12/07/2012 05:40 pm ET Updated Feb 06, 2013

Helping Sandy's Littlest Victims

One of the remarkable aspects of a catastrophic event like Hurricane Sandy is the great disparity of its impact. In New York, where I live, there was massive devastation and human suffering in some parts of the city, but in others, there was hardly a sign that anything at all had happened.

Unfortunately, the gap between those two extremes has compounded the struggles for thousands of people in our region. It took days after the storm hit for the full scope of the damage in places like Staten Island, the Rockaways, Coney Island and parts of Long Island and New Jersey to be fully revealed. In the meantime, life went on for the majority of the city.

Today, the transit system is almost fully recovered and power has been almost entirely restored. Almost everywhere in the city things seem to be back to normal. But as someone who has spent time since the storm hit in the Rockaways, the destruction is very present, and the deep layers of future hardship have only just begun.

Through Baby Buggy, the nonprofit I founded almost 12 years ago, I am lucky enough to be part of a team of people who already had deep roots in the areas that were hit by Sandy. Over 2,200 families we had already served live in the areas hardest hit. As a result, we hit the ground running when the water subsided after the storm.

I founded Baby Buggy in 2001 around a simple idea: to collect and provide essential items like cribs, strollers, and clothing families to families in need. To reuse the items children quickly outgrow for the benefit of people in our city that cannot afford the basics. My husband Jerry came up with our motto, "Love. Recycled."

Almost 12 years and over six million distributed items later, we work through a network of 60 agencies including Nurse-Family Partnership and Head Start sites across the country. That means that a mother or father who receives our donations is enrolled in a program that will help her/him to build a more stable future for their family over the long term.

In the Rockaways, we've worked for years with the VNS Early Head Start program, which works tirelessly to help stabilize and educate low-income families. The Hurricane devastated their site and now, both staff and clients are completely uprooted.

When I visited the site shortly after the storm came through, it looked like a set from a disaster movie. It was unsalvageable -- every inch covered in mud, sand, and mold. The classrooms, with their tiny pre-school sized chairs, were completely turned upside down.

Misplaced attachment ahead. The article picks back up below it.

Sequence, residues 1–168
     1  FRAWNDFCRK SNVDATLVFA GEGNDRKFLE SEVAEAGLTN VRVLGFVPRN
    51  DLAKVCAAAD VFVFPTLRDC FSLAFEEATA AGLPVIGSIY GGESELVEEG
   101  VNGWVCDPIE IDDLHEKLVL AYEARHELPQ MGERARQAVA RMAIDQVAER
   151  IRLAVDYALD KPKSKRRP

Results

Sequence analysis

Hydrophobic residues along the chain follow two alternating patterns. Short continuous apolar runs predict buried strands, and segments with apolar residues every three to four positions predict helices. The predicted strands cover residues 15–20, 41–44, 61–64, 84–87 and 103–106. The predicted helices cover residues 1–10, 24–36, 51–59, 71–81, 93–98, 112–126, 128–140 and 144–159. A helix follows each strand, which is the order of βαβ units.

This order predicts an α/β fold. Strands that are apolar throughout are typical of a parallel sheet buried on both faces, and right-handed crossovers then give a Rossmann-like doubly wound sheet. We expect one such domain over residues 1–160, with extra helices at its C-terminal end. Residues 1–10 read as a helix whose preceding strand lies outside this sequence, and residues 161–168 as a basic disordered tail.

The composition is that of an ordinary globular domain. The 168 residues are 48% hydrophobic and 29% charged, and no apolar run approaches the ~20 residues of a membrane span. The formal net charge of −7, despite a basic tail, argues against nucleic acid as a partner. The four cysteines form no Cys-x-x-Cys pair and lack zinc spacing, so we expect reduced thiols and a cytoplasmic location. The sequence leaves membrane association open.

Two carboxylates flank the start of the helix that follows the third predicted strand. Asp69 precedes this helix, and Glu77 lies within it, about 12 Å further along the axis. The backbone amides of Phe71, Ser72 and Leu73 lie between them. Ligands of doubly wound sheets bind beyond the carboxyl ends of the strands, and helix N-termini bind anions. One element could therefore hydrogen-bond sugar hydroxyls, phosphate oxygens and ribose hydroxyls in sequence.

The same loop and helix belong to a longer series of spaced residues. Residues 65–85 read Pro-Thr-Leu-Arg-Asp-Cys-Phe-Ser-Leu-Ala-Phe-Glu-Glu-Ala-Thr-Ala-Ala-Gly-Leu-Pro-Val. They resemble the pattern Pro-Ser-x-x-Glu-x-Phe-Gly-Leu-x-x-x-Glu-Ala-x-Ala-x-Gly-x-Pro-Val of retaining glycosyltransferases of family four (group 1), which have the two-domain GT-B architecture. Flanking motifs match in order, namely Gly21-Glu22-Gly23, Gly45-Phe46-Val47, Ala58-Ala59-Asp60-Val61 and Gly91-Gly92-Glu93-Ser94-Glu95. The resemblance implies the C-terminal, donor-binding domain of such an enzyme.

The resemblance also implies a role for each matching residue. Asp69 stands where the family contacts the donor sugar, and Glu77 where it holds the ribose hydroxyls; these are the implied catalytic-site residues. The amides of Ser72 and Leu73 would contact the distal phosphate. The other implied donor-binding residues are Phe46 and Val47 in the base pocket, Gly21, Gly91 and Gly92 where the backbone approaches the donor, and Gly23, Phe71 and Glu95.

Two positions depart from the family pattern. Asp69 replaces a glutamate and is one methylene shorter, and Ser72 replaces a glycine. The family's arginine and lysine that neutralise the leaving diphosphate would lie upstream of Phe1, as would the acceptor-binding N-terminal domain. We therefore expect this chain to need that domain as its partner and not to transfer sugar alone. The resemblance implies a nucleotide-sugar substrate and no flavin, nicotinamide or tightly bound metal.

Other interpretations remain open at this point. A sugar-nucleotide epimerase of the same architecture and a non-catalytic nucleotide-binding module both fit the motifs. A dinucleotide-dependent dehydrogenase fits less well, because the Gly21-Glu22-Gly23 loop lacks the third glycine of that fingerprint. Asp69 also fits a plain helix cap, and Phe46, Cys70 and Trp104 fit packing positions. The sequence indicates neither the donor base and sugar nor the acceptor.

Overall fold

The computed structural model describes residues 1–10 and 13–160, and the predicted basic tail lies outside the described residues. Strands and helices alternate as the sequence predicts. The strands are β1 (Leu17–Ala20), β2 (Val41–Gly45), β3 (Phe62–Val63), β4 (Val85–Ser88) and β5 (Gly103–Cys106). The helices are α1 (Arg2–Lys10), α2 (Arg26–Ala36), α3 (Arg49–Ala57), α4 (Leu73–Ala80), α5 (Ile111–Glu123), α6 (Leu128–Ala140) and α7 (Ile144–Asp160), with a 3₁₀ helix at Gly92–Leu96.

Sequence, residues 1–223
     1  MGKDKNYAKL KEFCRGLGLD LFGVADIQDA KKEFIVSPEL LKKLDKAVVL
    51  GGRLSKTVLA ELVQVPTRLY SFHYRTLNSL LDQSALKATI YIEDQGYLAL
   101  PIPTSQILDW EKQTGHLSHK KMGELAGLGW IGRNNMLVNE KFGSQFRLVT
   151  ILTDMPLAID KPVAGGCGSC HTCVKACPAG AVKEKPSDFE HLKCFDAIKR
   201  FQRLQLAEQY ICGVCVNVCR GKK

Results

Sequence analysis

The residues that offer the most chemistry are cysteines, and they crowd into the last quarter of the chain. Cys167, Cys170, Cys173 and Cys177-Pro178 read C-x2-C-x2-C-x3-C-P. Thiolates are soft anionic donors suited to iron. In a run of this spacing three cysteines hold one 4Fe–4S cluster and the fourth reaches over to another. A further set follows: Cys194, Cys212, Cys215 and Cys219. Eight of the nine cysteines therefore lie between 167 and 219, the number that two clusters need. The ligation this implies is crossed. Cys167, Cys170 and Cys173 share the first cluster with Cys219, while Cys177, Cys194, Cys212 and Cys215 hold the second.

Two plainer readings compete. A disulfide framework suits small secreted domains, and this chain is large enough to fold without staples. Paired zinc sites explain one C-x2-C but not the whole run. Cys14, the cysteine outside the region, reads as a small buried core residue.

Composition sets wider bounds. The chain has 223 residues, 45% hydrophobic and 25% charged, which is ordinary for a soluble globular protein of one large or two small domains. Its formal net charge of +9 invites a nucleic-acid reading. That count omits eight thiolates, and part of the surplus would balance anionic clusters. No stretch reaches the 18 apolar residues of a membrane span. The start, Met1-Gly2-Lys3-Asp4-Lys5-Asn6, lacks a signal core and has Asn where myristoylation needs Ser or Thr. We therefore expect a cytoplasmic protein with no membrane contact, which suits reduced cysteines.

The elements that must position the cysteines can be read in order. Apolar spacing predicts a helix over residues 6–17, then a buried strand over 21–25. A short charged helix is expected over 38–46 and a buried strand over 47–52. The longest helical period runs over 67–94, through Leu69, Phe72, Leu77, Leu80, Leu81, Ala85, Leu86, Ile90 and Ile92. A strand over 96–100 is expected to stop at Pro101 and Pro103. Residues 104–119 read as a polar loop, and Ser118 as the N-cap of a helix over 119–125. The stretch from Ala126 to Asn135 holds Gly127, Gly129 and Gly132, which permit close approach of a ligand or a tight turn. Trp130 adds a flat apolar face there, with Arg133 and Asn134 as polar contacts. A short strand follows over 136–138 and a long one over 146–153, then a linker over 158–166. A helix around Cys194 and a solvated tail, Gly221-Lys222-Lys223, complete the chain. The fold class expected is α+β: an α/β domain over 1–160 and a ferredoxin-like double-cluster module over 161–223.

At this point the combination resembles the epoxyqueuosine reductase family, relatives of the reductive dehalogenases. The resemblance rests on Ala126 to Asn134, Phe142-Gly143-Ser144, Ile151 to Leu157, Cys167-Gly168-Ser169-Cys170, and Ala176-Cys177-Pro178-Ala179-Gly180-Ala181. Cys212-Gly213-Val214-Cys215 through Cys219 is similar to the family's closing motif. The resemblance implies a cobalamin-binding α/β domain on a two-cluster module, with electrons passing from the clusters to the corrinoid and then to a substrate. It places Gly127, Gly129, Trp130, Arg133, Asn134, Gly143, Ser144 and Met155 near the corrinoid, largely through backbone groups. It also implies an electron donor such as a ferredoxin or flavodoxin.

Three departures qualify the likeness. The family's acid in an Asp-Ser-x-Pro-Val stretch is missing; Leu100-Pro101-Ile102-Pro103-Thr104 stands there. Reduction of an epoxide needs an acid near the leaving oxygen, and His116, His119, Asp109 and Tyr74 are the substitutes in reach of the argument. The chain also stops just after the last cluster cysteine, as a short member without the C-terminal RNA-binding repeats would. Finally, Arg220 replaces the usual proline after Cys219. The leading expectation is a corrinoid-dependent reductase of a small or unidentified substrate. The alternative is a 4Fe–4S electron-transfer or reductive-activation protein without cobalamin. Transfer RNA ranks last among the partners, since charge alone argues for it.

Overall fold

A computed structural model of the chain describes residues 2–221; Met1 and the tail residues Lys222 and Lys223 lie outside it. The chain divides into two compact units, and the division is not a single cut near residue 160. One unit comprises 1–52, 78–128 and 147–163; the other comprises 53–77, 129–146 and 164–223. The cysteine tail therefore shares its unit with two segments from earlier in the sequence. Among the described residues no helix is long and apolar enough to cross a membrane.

Even more heartbreaking, the lives of families that relied on its services mirrored the devastation we saw. According to Mayor Bloomberg, approximately 40,000 New Yorkers were left homeless as a result of Sandy. Some of these families even separated from children because their temporary housing cannot accommodate the entire family. And while their lives have been overturned, they also face insurmountable tasks. Simultaneously finding an affordable place to live, looking for a job, and finding a new school or child care would be daunting for any family. But when you layer on top of those stresses paying utilities in a home you've been displaced from, the dislocation of friends, family and loved ones, and sleeping on other people's couches and floors, the result is trauma. Families are pushed to the brink of collapse.

The families most affected by Hurricane Sandy were some of this country's most vulnerable. By the loss of the Early Head Start program, working parents no longer have affordable child-care nearby. That affects their ability to work, or even look for a job. I visited one woman, Maria, who cannot return to her home because of the mold spores covering her walls, furniture, and clothing. Her asthma was clearly aggravated by the mold growing by the second all over her every possession.

We have a long road to recovery ahead. The mold and the respiratory issues are as overwhelming as the homelessness and physical destruction. Thousands of volunteers have swarmed the areas to provide meals, rides, and any kind of helping hand. Baby Buggy has now donated over 60,000 items to families affected by Sandy.

Baby Buggy has seen an incredible outpouring of support -- from the $100,000 donation from the Iacocca Family Foundation to the little girl who mailed us winter coats from Canada. My husband Jerry is doing benefit shows in Brooklyn, Staten Island and Long Island and donating $100,000 of the proceeds to Baby Buggy's efforts.

To kick off the holiday season baby Buggy has teamed up with Stacey Bendet, Alice + Olivia, Kourtney Kardashian and her Dash stores to help families in need this holiday season with a Holiday Drive. Through New Year's Eve, Dash and Alice + Olivia stores nationwide will be collecting donations of new packages of diapers & wipes, new or unused toys and books which will be donated to families in need with kids aged 0-12.

This support helps us continue to deliver diapers, baby food, cribs, coats and more to families as they try to rebuild their lives and homes. It is work Baby Buggy has been doing all along but the hurricane has demanded more from us and we have risen to the occasion for our families, for our partners, in a whole new way.

As we all go about our busy lives during the holiday season, and take care of the people we love, it's my hope that we can also stop to consider the people whose lives remain in turmoil. Please help organizations like Baby Buggy and so many others to help Hurricane Sandy's littlest victims.